The Punatsang Chu is one of Bhutan’s four major river basins. The word‘ Chu’ means ‘river’ in Dzongkha, Bhutan’s official language. The Punatsang Chu has two major tributaries, the Mo Chu and Pho Chu, and five sub-tributaries. The Mo Chu rises in the Great Himalayas and at Punakha, the former capital city of Bhutan, it is joined by the Pho Chu before joining the Brahmaputra River in India. Rice farming is the main source of income for the people in the basin who depend on the river for irrigation of their paddy fields.Climate change is now threatening this economy. The Punatsang Chu once provided drinking water to local residents; however, the river has become too polluted by municipal, industrial and hydropower construction waste for this use. The Punatsang Chu Basin is also the main habitat of the critically endangered White Bellied Heron — now under massive threat from the installation of two hydropower projects along the river. The Punatsang Chu Waterkeeper will work with its sister organization Wang Chu Waterkeeper to establish a national system for water quality monitoring and advocacy for watershed protection.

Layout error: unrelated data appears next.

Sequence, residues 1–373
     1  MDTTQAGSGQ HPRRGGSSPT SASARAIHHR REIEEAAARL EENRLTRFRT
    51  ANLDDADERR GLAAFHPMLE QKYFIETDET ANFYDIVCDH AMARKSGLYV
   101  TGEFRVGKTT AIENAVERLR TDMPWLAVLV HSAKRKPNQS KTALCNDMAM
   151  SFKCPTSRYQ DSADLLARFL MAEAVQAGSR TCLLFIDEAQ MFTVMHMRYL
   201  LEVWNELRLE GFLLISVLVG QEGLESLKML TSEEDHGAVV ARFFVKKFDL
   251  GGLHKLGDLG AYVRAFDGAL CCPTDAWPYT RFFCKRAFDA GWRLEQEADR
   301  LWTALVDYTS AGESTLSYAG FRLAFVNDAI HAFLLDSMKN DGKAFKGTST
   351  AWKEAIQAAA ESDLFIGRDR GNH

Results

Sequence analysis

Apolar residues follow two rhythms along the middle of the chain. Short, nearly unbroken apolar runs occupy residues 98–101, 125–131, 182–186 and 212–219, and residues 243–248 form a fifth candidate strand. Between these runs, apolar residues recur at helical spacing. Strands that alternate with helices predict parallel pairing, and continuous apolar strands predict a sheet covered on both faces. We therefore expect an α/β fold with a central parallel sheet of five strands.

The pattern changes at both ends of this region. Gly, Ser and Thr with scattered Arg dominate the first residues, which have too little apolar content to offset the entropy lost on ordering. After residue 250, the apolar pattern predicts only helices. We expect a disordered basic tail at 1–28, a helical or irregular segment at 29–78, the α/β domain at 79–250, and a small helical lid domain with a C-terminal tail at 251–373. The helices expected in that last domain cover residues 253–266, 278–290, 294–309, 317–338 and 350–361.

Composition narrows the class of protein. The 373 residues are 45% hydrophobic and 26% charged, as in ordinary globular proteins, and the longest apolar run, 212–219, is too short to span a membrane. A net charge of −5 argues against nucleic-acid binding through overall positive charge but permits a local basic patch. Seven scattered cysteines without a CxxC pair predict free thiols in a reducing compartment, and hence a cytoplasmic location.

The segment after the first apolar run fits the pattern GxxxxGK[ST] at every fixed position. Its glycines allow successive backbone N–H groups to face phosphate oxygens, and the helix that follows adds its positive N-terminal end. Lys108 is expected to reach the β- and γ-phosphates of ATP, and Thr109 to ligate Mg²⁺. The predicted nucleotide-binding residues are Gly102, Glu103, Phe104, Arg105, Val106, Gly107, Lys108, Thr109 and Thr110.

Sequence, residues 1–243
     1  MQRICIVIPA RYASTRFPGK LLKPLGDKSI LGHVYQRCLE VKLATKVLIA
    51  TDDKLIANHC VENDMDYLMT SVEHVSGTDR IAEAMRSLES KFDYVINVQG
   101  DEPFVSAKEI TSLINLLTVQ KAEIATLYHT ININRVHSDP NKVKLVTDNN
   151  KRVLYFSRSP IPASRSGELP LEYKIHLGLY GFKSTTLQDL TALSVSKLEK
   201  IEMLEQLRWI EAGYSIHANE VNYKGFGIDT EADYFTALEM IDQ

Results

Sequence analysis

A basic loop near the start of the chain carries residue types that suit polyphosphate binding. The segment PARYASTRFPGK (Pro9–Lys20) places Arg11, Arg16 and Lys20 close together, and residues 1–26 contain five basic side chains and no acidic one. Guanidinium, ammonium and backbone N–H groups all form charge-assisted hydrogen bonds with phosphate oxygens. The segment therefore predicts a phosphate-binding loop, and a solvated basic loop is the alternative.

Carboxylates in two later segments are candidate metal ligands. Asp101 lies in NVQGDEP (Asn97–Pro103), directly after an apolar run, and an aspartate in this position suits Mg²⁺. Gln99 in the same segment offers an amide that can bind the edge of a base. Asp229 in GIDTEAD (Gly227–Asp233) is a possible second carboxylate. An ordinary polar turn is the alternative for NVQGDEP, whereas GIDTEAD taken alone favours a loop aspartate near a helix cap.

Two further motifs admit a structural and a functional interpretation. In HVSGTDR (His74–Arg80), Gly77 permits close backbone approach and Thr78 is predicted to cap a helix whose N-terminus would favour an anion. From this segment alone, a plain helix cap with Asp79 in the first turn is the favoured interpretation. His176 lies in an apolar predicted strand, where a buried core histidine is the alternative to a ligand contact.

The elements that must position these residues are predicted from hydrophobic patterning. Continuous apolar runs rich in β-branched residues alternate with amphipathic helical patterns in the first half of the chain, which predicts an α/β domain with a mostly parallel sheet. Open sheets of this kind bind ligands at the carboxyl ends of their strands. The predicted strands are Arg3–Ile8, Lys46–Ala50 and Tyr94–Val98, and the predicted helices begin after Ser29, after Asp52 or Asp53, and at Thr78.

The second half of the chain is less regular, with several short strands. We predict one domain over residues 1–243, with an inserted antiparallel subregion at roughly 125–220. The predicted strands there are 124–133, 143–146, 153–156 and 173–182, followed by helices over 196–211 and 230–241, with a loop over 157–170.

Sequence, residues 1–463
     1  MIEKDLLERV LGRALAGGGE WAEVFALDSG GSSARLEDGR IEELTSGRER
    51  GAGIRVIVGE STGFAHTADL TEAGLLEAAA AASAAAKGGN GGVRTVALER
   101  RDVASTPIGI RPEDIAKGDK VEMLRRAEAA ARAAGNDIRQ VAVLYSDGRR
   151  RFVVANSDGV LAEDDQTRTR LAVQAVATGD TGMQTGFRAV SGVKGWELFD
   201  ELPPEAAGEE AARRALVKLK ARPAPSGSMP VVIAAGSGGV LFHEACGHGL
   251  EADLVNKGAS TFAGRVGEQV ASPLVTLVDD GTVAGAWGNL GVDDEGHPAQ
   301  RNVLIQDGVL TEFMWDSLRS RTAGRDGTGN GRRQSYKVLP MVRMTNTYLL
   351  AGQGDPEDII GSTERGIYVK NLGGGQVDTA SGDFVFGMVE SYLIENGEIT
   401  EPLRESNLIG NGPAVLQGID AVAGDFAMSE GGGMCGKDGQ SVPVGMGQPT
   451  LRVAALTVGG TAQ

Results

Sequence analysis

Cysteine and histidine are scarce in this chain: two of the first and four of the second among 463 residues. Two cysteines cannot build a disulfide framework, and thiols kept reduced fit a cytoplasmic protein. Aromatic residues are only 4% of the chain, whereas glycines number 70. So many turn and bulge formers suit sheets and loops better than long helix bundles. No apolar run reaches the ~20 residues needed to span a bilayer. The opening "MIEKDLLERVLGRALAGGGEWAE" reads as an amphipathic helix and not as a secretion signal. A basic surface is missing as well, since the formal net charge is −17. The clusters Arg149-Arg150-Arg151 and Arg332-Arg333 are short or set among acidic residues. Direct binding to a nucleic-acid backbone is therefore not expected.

Kesang Lhendup is currently working as a manager and river guide at Lotus Adventures Bhutan, a rafting company based in Punakha in the Punatsang Chu Basin. Kesang has been working as the first river guide since the company’s inception in 1998. Lotus Adventures was the pioneer in introducing white water sports to Bhutan and was instrumental in surveying various rivers, developing the sport and training the first Bhutanese river guides. Kesang and his rafting team formed a “Green Bag Warrior” group where they conduct cleaning campaigns weekly along the Punatsang Chu. He has always been dedicated to protecting this river system from pollution through citizen involvement and community action, and is now proud to be the Punatsang Chu Waterkeeper.